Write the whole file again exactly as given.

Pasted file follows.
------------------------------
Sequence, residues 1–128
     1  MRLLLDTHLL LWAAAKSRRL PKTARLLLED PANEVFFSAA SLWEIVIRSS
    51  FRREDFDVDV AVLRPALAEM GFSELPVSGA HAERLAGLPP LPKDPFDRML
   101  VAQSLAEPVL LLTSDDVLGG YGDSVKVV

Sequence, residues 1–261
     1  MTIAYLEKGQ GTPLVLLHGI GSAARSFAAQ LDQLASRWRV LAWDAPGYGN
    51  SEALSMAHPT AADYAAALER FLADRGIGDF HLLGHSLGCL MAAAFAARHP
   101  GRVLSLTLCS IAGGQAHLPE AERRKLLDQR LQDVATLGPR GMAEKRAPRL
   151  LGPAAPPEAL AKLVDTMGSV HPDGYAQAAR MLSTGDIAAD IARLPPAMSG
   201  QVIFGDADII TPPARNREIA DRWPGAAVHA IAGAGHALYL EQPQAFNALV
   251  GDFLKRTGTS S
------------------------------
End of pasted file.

Sequence, residues 1–128
     1  MRLLLDTHLL LWAAAKSRRL PKTARLLLED PANEVFFSAA SLWEIVIRSS
    51  FRREDFDVDV AVLRPALAEM GFSELPVSGA HAERLAGLPP LPKDPFDRML
   101  VAQSLAEPVL LLTSDDVLGG YGDSVKVV

Sequence, residues 1–261
     1  MTIAYLEKGQ GTPLVLLHGI GSAARSFAAQ LDQLASRWRV LAWDAPGYGN
    51  SEALSMAHPT AADYAAALER FLADRGIGDF HLLGHSLGCL MAAAFAARHP
   101  GRVLSLTLCS IAGGQAHLPE AERRKLLDQR LQDVATLGPR GMAEKRAPRL
   151  LGPAAPPEAL AKLVDTMGSV HPDGYAQAAR MLSTGDIAAD IARLPPAMSG
   201  QVIFGDADII TPPARNREIA DRWPGAAVHA IAGAGHALYL EQPQAFNALV
   251  GDFLKRTGTS S